• The promising in-season development of rookie Raptors point guard Malachi Flynn could wind up being a factor in how the franchise evaluates the future of longtime Toronto point guard Kyle Lowry, writes Doug Smith of the Toronto Star. An unrestricted free agent in 2021, Lowry is expected to receive serious interest from contenders. Smith notes that if Flynn continues along his current growth pace heading into the 2021/22 season, the Raptors could be more comfortable moving on from Lowry. “He’s running the team better,” head coach Nick Nurse said of Flynn’s recent play. “He’s play-calling. He’s getting people organized. He’s getting off the ball. He’s getting in the paint. He’s getting to the rim. Those are all additions to the way he started out, I think.”
  • Second-year Sixers wing Matisse Thybulle has played himself into consideration for inclusion on one of the league’s All-Defensive Teams, writes Keith Pompey of the Philadelphia Inquirer. Despite averaging just 20.0 MPG, Thybulle ranks ninth in SPG (1.59), seventh in deflections per game (3.1), and 24th in BPG (1.1). “His length, No. 1, and his ability to close reminds me a lot of [NFL cornerback] Deion Sanders,” head coach Doc Rivers raved. “Deion always gave guys cushions, and [opposing] quarterbacks never threw it because they knew if they did, somehow he would get there.”

Sixers May Renew Kyle Lowry Pursuit In Offseason

The Sixers weren’t able to pry Kyle Lowry away from the Raptors at last month’s trade deadline, but they plan to renew their pursuit of the veteran guard this offseason, sources tell Sam Amick of The Athletic.

As Amick explains, while the 76ers addressed their point guard spot by acquiring George Hill at the deadline, Hill has an expiring contract in 2021/22 and only has a partial guarantee ($1.28MM of $10MM+), so he’s not necessarily viewed as a long-term answer in that role.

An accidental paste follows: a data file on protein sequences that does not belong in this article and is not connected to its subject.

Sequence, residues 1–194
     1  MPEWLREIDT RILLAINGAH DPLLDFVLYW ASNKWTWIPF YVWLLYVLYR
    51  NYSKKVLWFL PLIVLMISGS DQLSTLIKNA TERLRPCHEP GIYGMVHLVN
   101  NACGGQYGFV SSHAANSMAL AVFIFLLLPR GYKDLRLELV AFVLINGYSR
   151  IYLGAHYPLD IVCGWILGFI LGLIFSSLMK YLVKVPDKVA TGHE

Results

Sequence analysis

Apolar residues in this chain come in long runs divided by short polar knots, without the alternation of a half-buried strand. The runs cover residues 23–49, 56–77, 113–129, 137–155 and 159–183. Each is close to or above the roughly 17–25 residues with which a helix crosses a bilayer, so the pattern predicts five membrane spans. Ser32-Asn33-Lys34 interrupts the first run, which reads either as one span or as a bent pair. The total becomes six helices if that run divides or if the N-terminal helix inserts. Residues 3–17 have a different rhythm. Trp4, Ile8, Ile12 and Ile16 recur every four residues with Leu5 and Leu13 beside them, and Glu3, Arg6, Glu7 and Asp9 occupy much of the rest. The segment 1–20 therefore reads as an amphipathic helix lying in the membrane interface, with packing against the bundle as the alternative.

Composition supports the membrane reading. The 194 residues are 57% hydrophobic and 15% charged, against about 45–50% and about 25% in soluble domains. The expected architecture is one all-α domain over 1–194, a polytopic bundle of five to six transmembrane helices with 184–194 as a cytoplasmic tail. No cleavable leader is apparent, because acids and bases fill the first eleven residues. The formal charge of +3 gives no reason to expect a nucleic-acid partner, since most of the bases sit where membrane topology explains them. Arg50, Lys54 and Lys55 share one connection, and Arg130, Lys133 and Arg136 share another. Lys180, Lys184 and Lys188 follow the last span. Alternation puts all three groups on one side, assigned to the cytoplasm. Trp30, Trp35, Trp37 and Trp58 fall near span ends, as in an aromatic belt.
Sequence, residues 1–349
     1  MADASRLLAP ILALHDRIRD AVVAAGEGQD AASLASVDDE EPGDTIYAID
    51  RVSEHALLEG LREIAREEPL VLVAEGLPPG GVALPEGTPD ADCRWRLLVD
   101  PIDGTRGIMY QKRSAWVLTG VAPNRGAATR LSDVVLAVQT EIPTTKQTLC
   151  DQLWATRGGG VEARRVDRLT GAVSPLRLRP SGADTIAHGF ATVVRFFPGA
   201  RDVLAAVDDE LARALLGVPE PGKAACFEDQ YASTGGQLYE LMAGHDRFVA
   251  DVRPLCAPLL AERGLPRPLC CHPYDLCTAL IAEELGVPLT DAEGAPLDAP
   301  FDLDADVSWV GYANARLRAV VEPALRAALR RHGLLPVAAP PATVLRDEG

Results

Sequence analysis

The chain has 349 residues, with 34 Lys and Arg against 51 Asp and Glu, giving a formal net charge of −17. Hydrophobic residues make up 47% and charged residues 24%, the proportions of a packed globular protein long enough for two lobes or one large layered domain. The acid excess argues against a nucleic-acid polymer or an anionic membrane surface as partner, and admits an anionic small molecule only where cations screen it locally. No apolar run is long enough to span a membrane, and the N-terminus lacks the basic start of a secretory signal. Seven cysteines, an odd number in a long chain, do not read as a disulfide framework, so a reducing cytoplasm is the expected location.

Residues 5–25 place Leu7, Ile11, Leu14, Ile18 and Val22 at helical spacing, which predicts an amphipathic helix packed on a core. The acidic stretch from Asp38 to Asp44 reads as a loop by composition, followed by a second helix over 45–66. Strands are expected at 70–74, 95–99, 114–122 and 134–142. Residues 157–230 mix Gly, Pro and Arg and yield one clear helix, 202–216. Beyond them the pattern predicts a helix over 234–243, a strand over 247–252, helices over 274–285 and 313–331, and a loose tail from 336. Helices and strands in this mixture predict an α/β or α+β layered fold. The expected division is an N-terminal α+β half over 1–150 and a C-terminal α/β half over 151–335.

The Sixers project to be over the cap this summer, so they’d need to negotiate a sign-and-trade in order to land Lowry, Amick notes. Completing such a deal would be a challenge — Philadelphia wouldn’t want to include Joel Embiid, Ben Simmons, or Tobias Harris in an offer for Lowry, but those three players earn a combined $100MM next season.

Teams that acquire a player via sign-and-trade become hard-capped at the tax apron for the rest of the league year. This year’s tax apron was $139MM and next season’s won’t be significantly higher, so the Sixers would be hard-pressed to accommodate lucrative contracts for Embiid, Simmons, Harris, and Lowry and fill out the rest of their 15-man roster without surpassing that threshold.

Landing Lowry at a rate far lower than his current $30MM salary would be an ideal scenario for the Sixers, but the six-time All-Star reportedly won’t be looking to take a pay cut, and he’s expected to be a popular target on this offseason’s free agent market, one general manager tells Amick.

“There’s teams with money and not a lot of players, so I think he’s going to do really well,” the GM said of Lowry.

The Raptors are also expected to make an effort to re-sign Lowry, and the Heat were known to be interested last month — Miami should have enough cap room to make a serious play for the 35-year-old if they so choose.

Atlantic Notes: Tatum, Knicks, Tolliver, VanVleet, Raptors

It’s been about three months since Jayson Tatum tested positive for COVID-19, but the Celtics forward is still dealing with the aftereffects of the virus, he acknowledged on Tuesday, per Tim Bontemps of ESPN.

“It’s a process. It takes a long time,” Tatum said. “I take an inhaler before the game since I’ve tested positive. This has kind of helped with that and opened up my lungs, and, you know, I never took an inhaler before. So that’s something different.”

Tatum said he “for sure” feels better now than he did a month ago, though he admitted he’s not sure when he’ll be able to stop using an inhaler before games.

“There’s no exact timetable,” Tatum said. “(It’s) just when I feel comfortable enough and I think I don’t need it.”

  • The Knicks had internal discussions last week about the possibility of adding Anthony Tolliver, per Marc Berman of The New York Post. As Berman explains, New York was looking for a player who could play the center position, and Tolliver – who ended up signing with Philadelphia – is more of a forward.
  • Raptors head coach Nick Nurse said on Tuesday that there was no timeline for Fred VanVleet‘s return from a hip injury, as Josh Lewenberg of tweets. However, according to Blake Murphy of The Athletic (Twitter link), VanVleet will serve his one-game suspension on Wednesday. Because VanVleet was suspended while injured, he wasn’t able to serve the one-game ban until he was cleared to play, so it sounds like his return may be imminent.
  • Besides missing VanVleet tonight, the Raptors will also be without Kyle Lowry (rest/toe) and Gary Trent Jr. (ankle), Murphy notes (via Twitter). Despite a brutal 4-17 slump, Toronto is still just two games out of the 10th seed in the East, but injuries have prevented the team from making a push for a play-in spot.